A D.C. federal judge upheld Friday the Trump administration’s expansion of short-term health insurance, which offers Americans a more affordable alternative to high-cost Obamacare plans.
D.C. District Court Judge Richard Leon upheld Trump’s expansion of short-term health insurance plans, which are less expensive compared to Obamacare plans. The Department of Health and Human Services (HHS) in 2018 expanded short-term plans to offer Americans more affordable options.
Short-terms plans cost less than Obamacare plans because federal statute does not require the insurance plans to comply with all of Obamacare’s onerous insurance regulations, thus they serve as a good alternative for many younger and healthier Americans.
The Trump administration’s rule allowed Americans to purchase short-term plans for up to 364 days and renew the plans for up to three years. The Barack Obama administration curbed these rules to encourage Americans to purchase Obamacare;
Several states such as Maryland, Delaware, California, and Washington have implemented rules to prohibit insurers from issuing short-term plans for longer than three months. Other states have also issued rules to block short-term plans’ renewability.
One study commissioned by the Foundation for Government Accountability (FGA) found that short-term health insurance plans could cost 80 percent less than Obamacare “bronze” plans, which are the cheapest Obamacare plans.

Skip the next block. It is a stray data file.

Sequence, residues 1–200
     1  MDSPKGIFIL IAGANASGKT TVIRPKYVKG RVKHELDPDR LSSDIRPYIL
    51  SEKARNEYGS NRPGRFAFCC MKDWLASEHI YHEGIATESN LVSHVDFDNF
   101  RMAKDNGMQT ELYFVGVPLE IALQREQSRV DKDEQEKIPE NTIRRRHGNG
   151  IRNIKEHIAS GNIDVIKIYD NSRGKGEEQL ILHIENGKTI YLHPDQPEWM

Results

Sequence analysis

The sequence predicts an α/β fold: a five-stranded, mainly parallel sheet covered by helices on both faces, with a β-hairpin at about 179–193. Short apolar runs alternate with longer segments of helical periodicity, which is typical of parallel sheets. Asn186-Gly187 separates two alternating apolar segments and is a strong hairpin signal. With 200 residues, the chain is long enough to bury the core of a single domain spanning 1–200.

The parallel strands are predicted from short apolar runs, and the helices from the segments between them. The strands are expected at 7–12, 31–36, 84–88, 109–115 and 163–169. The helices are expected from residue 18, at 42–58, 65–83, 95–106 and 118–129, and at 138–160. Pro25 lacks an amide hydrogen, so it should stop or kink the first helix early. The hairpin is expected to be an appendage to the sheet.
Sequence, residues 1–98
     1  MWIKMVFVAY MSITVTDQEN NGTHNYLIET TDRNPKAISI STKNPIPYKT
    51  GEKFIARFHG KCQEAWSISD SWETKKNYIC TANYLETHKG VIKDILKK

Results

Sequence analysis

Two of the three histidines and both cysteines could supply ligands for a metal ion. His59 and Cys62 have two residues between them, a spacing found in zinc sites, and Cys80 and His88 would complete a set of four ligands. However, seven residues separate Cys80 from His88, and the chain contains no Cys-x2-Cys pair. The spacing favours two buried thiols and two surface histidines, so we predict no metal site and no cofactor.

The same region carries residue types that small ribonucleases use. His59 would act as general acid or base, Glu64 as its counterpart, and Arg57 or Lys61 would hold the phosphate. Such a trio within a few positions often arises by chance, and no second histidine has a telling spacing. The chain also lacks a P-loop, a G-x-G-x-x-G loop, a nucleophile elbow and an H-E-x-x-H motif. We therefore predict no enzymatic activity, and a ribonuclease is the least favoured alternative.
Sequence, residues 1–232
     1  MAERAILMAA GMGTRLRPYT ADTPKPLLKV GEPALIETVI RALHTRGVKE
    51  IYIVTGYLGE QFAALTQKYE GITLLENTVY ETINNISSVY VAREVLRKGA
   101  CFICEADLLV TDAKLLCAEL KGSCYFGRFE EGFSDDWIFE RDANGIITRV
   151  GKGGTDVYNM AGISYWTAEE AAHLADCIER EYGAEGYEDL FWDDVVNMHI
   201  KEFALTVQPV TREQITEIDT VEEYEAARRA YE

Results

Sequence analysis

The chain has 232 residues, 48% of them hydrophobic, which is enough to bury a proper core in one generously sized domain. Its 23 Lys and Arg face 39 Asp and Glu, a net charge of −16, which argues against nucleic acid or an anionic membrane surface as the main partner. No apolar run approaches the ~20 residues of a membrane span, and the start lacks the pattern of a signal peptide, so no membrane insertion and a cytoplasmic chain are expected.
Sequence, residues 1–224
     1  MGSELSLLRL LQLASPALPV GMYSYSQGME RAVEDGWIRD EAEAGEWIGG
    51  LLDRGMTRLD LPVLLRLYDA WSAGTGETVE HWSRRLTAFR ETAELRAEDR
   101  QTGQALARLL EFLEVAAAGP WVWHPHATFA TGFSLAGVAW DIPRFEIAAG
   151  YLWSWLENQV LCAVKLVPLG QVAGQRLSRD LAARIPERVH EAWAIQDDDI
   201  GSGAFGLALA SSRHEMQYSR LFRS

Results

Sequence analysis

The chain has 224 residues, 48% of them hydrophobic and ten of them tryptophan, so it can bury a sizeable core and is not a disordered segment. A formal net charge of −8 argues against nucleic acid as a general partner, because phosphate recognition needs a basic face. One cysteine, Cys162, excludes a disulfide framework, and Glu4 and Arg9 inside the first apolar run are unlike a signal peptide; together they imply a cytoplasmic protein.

When the president signed the executive order expanding Association Health Plans and short-term plans, Sen. Rand Paul (R-KY) praised the order as “the biggest free-market reform of health care in a generation.”
The Trump administration also recently expanded health reimbursement accounts (HRAs), which will help small and medium-sized businesses offer health insurance to their employees. The administration estimates that up to 800,000 employers, and more than 11 million workers and family members will benefit from the healthcare expansion.
Trump’s latest healthcare reform arises as he promised Republicans will become the party of “health care.”
The case is Association for Community Affiliated Plans et al. v. United States Department of Treasury, No. 1:18-cv-2133 in the U.S. District Court for the District of Columbia.
Sean Moran is a congressional reporter for Breitbart News. Follow him on Twitter @SeanMoran3.